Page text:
Skin friction drag reduction in turbulent flows using superhydrophobic surfaces
Massachusetts Institute of Technology. Department of Mechanical Engineering.
Gareth H. McKinley.
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The use of randomly textured superhydrophobic surfaces have recently gained interest as a potential approach for the passive reduction of skinfriction on the hull of ships, submarines and underwater projectiles. When submerged in water, these surfaces trap a layer of air (or 'plastron') within their texture, which allows the external fluid to partially slip over the boundary, decreasing the net frictional shear stress on the wall. Five prototype drag-reducing surfaces were evaluated experimentally as possible candidates for turbulent drag reduction applications, using a combination of flow tests, surface profile measurements, and contact angle goniometry. Three of these were randomly rough superhydrophobic textures, produced by easily scalable mechanical and chemical surface treatment processes; the other two surfaces consisted of periodic streamwise grooves, filled with air or a low viscosity liquid lubricant. The skin friction characteristics of all five prototype surfaces were measured in fully turbulent flow inside a custom-built Taylor-Couette apparatus for Reynolds numbers in the range 1.64 x 104 </= Re </= 8.59 x 104, and a characteristic slip length was determined for each surface from frictional torque measurements. Drag reductions of up to 26%, and effective slip lengths as large as 32 pm, were obtained during flow tests on superhydrophobic surfaces. Consistent with the results of previous studies in the the literature, the percentage drag reduction was found to increase with increasing flow Reynolds numbers; furthermore, the effective slip length for each surface remained approximately constant with Re, until the onset of surface failure. The surface morphology of each of the three rough superhydrophobic textures was further characterized through non-contact optical profilometry, and a number of surface statistical parameters quantifying the vertical and lateral length scales of roughness features were computed from the measured height profile. These were then compared with the experimentally determined slip lengths, to extract correlations between specific roughness parameters and drag reduction performance, and to identify desirable features of surface roughness that enhance slip length and interface stability under turbulent flow conditions. Analogous to regularly patterned surfaces, the slip length was found to depend strongly on the lateral spacing of texture asperities, quantified by the mean autocorrelation length in the case of fractal self-affine rough surfaces. Finally, a large lateral spacing between roughness peaks, along with a small root mean square roughness (compared to the viscous length scale of the turbulent flow), and the presence of a hierarchical texture with roughness features at two or more length scales, were identified as the three key requirements for the successful design of rough superhydrophobic surfaces for turbulent drag reduction in practical applications.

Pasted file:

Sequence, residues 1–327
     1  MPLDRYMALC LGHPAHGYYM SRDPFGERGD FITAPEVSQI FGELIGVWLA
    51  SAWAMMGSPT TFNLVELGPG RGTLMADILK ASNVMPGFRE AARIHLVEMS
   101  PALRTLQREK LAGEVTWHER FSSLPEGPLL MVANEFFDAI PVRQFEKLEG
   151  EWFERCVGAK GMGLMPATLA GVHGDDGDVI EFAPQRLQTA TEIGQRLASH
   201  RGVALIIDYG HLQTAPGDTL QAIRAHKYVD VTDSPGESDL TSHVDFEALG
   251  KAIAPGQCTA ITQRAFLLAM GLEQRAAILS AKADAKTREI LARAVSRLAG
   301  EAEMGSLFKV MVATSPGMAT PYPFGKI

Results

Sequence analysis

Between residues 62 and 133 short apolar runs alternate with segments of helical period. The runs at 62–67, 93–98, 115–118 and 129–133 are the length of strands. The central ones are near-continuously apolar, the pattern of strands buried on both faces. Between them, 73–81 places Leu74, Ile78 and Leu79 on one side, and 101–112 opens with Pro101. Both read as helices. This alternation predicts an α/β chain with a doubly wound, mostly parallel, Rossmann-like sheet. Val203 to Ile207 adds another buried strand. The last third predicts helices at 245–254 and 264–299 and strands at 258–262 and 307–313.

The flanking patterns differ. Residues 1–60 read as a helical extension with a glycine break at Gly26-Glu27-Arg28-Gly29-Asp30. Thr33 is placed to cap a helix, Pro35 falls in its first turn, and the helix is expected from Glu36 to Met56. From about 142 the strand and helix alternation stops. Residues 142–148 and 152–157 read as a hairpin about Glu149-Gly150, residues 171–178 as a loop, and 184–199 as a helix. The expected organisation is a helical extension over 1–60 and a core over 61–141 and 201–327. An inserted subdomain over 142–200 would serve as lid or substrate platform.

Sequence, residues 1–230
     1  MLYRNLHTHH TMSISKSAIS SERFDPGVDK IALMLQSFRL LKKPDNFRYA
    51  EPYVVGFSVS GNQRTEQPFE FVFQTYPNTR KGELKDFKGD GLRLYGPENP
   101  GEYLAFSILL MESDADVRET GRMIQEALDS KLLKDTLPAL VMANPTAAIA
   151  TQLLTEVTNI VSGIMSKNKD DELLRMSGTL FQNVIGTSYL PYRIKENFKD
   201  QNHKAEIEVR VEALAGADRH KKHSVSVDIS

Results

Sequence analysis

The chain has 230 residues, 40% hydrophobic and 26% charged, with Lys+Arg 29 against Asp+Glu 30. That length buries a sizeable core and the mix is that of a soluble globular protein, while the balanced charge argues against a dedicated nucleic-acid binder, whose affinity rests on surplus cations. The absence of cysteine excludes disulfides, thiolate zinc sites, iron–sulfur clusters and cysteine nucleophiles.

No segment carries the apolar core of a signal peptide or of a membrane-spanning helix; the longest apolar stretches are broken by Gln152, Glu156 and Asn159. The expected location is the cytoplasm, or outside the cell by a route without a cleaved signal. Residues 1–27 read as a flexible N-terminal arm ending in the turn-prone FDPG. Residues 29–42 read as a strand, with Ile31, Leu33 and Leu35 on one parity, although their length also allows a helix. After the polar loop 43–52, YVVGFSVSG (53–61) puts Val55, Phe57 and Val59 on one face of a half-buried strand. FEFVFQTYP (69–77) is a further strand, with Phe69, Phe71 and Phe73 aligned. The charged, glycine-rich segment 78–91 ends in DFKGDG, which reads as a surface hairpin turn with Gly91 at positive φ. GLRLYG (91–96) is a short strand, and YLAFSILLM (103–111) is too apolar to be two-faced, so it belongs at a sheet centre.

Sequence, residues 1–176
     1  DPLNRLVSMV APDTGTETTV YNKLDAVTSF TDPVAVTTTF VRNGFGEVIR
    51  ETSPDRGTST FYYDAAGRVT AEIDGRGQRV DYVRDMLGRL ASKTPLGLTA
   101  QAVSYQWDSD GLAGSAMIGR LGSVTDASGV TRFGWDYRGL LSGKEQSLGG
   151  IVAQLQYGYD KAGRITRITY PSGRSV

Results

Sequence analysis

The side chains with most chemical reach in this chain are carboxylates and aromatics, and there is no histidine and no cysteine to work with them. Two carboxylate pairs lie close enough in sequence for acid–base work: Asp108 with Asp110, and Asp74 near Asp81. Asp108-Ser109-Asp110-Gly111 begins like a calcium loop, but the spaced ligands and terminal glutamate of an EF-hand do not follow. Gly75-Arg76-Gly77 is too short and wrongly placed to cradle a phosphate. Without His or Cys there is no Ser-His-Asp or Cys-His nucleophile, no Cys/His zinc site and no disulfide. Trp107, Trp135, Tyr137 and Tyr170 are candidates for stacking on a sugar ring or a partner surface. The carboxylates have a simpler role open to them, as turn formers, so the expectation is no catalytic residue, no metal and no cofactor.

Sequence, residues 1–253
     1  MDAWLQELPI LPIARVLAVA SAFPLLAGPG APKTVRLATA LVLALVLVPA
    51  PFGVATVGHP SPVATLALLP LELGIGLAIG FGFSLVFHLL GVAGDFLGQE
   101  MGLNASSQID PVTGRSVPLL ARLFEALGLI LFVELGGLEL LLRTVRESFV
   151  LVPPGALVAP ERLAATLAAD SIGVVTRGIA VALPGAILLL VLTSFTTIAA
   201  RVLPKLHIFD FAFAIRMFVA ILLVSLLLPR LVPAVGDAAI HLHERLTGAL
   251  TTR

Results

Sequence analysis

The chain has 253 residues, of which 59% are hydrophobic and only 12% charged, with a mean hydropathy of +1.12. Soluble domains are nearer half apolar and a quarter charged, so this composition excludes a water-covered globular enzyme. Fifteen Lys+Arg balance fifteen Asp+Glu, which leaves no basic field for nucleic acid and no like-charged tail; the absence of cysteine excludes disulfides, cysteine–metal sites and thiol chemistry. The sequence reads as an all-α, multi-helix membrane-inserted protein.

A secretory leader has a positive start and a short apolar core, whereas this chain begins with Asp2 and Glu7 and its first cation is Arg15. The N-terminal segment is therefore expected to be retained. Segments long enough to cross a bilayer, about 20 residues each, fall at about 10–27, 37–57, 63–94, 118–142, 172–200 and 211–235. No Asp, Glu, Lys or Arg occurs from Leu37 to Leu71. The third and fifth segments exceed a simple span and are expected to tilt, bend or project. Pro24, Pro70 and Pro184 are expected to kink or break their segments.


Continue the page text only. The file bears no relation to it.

Thesis: S.M., Massachusetts Institute of Technology, Department of Mechanical Engineering, 2017.Cataloged from PDF version of thesis.Includes bibliographical references (pages 127-136).
DepartmentMassachusetts Institute of Technology. Department of Mechanical Engineering
Massachusetts Institute of Technology